Fender has added some new features to a few of its classic instruments and announced the New American Standard series. Here’s a great occasion to come face to face (or body to body) with two of rock’s oldest and dearest friends: the Stratocaster and Telecaster.
For those few who don’t know, the Stratocaster and the Telecaster are kind of the mothers of all electric guitars, with their Gibson cousin, the Les Paul. Created in the beginning of the 50’s by the master Leo Fender, these guitars kick-started the solid body concept (bodies without sound chambers, and therefore solving the feedback problem of amplified acoustic guitars ) and establishing the principles of electric guitar building; to the point where 50 years later, these very same principles are still used by electric guitar builders.
Even if you don‘t take this fact into consideration, both of these guitars are also among the world’s best selling guitars and have of course left their mark on the history of Rock: the Stratocaster: Jimi Hendrix, Eric Clapton, Jeff Beck, David Gilmour, Stevie Ray Vaughan, Buddy Guy, Ritchie Blackmore, Dick Dale, Mark Knopfler, Yngwie Malmsteen, Rory Gallagher, Eric Johnson… and the Telecaster? It’s Keith Richards, Bruce Springsteen, Jeff Buckley, Johnny Greenwood, Joe Strummer, Andy Summers, Muddy Waters or even Steve Cropper…
So of course, when you put your hands on one of these beauties, a whole world of sound comes pouring out of them …. This was definitely the case with last century’s Strats and Teles and, …. it’s still the case with these New American Standards.
Old and New
For 2008, Fender decided to give some of their classic models (Stratocaster and Telecaster on the guitar side, and Jazzbass and Precision Bass on the bass side) a face lift by “upgrading” a few details. You don’t “change” a winning combination, you “enhance” it …
Fender has mainly focused their efforts on the instruments’ resonance and sustain. So there’s a new bridge with improved bent-steel saddles and a copper-infused high-mass block on the Strat (a stamped-brass bridge plate on the Tele) for increased resonance and sustain along the whole body.
Speaking about string vibration: it should be mentioned that Fender has used a thinner finish undercoat that lets the body breathe and improves resonance without compromising the finish of the instrument protected by its varnish. Finally, the neck varnish has also been modified. It’s been tinted for a richer presentation, with the maple or rosewood fingerboard buffed to a high gloss. The back of the neck still has that silky satin finish. The result: comfort has been optimized on the Strat as well as the Tele, all the more so since these guitars have long since earned their stripes for comfort.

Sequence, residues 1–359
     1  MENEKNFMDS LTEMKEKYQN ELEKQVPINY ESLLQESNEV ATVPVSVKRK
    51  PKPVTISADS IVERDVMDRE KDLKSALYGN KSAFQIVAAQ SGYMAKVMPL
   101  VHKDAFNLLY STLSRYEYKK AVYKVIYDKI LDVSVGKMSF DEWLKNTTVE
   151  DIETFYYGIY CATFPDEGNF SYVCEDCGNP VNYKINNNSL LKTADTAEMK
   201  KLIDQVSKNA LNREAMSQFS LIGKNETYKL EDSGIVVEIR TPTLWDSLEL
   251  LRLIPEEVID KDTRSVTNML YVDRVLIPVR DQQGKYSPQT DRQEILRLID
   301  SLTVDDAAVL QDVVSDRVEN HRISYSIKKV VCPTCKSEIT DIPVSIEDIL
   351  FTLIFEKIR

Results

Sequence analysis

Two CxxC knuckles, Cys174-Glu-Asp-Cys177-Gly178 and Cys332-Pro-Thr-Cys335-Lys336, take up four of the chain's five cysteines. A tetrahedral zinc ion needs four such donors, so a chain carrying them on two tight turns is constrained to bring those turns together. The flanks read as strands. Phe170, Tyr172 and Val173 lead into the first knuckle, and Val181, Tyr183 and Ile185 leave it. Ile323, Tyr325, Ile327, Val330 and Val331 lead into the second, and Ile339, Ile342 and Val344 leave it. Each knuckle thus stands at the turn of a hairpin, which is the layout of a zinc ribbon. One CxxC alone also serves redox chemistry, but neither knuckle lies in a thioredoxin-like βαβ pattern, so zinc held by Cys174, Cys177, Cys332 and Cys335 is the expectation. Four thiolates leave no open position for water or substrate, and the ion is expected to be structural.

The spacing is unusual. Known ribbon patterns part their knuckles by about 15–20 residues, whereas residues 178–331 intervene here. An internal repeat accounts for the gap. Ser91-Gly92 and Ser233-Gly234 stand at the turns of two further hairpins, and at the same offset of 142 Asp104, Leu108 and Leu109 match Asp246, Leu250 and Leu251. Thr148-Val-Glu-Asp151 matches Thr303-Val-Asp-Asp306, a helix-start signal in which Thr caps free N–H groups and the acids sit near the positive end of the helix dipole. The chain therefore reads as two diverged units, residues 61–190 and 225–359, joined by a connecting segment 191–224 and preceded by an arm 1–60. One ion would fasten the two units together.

Because all jewels must have their boxes, Fender has also changed the case in which its instruments come in. These SKB molded cases look imposing, but turn out to be extremely light and seem to be quite solid. A nice detail: The TSA locks can be opened by security officers using universal “master” keys so that the locks may not have to be cut.
And last but not least, there are new finish options (Blizzard Pearl for both models, Sienna Sunburst for the Strat and Crimson Red Transparent for the Tele). A small detail of course, but if you’re going to buy a guitar, you might as well buy one in a color you like.
Is That All?
Yes, that’s all. Some people will of course find that these changes are too few for these American Standards to be called “New”, while others will just be satisfied to find the essential slightly upgraded. Because, other than the aforementioned details, the shape, the body, and the electronics are exactly the same as the old American Standards who have been proving themselves for decades. Personally, I’m perfectly satisfied with this, and Fender has already shown, with their Strat VG, that they know how to innovate when they want to. It’s all about finding your marks with these classic instruments that have influenced generations of musicians, and accessing those sounds that have made us dream while listening to legendary rock, blues, or even jazz recordings.
In the end, you get totally immersed in the American Standard spirit, so who’s going to complain? The Strat always gets great clean sounds for funk, clapton-like lead guitar, or crystal-clear Gilmour sounds while the Telecaster gets, in addition to its legendary clean sound, that slightly crunchy-dirty sound that makes you dream of playing “Start Me Up” in front of a stadium of screaming people. Here are some audio examples that were recorded on a Spider Valve using a SM 57, an M-Audio Audiophile 24/96, a Yamaha MG10/2 and Cubase SX3…
Just like the “Ferrari or Lamborghini”, “Stones or Beatles”, or “Lennon or McCartney” disputes, the “Strat or Tele” debate has always been one of those big questions of taste. In any event, most Fender lovers will end up getting at least one of each, and who could blame them, especially in view of the fact that their prices haven’t really changed in comparison to older models.
As far as deciding whether these New American Standards are worth it, the answer is a 200% yes. Of course, if you bought an older model a few months ago, don’t worry:, the new features, though all valid, aren’t major. So if you’re thinking about getting yourself a Strat or a Tele, you can rest assured: The Fender sound is there.
[+] Two legendary guitars with classic sound and playability
[+] Nice new cases that are both light and rugged
[+] Sustain Improvements
[+] Neck varnish gives it a nice feel
[-] Nothing really revolutionary, but we weren’t expecting it anway